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Reviewed by Nandita Keshavan for Readers' Favorite
Warrior Patient by Temple Williams is a true story about one man's struggle to survive a series of medical problems over the space of three years. It's a witty story full of unexpected humor, which is sometimes deadpan and sometimes cheerful. The aim of this book is clear: educate the unsuspecting public on the follies of the medical system. Recognize the importance of good healthcare. Be aware and alert regarding the medical condition and treatments you have, with all the risks involved. Essentially what Williams wants to show the world is the difference between being a “warrior patient” and a “medical dope.”
The book is effective, and the humor makes these important messages much more pleasant to digest. The chapters end with simple but compelling messages regarding how to be a warrior patient. However, half way through, you realize another unstated recommendation of the book is to take the medical experience seriously. The humor is natural, and each page carries the surprises, angst, discoveries, and wit of an ill man determined to survive an unfortunate series of events. It's a refreshing book that takes us away from the ubiquitous medical drama approach to depicting the medical world in a down to earth way by showing us the struggles and witty observations of the common patient.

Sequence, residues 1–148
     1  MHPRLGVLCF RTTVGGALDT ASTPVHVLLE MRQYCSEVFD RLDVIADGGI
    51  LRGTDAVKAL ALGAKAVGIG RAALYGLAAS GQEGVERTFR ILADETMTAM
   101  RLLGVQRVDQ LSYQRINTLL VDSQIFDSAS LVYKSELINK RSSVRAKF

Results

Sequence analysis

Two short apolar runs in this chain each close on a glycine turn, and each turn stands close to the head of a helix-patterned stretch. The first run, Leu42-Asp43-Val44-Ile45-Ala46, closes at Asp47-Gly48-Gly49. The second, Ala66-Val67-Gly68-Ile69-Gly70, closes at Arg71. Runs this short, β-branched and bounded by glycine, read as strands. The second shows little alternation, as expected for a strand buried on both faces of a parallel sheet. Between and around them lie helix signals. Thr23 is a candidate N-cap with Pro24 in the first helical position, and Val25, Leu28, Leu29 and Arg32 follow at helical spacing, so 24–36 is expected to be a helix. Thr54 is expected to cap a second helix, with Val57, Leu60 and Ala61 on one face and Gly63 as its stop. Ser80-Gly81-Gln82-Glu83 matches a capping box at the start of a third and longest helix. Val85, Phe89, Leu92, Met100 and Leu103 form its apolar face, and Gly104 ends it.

The book is written in the second person. This makes it more direct. The overall effect is that you feel as if the events of this book, although unlucky, could happen to anyone. It's his death-defying spirit, a keen eye for details, the quest for truth, and an infallible sense of humor which make Williams a great writer.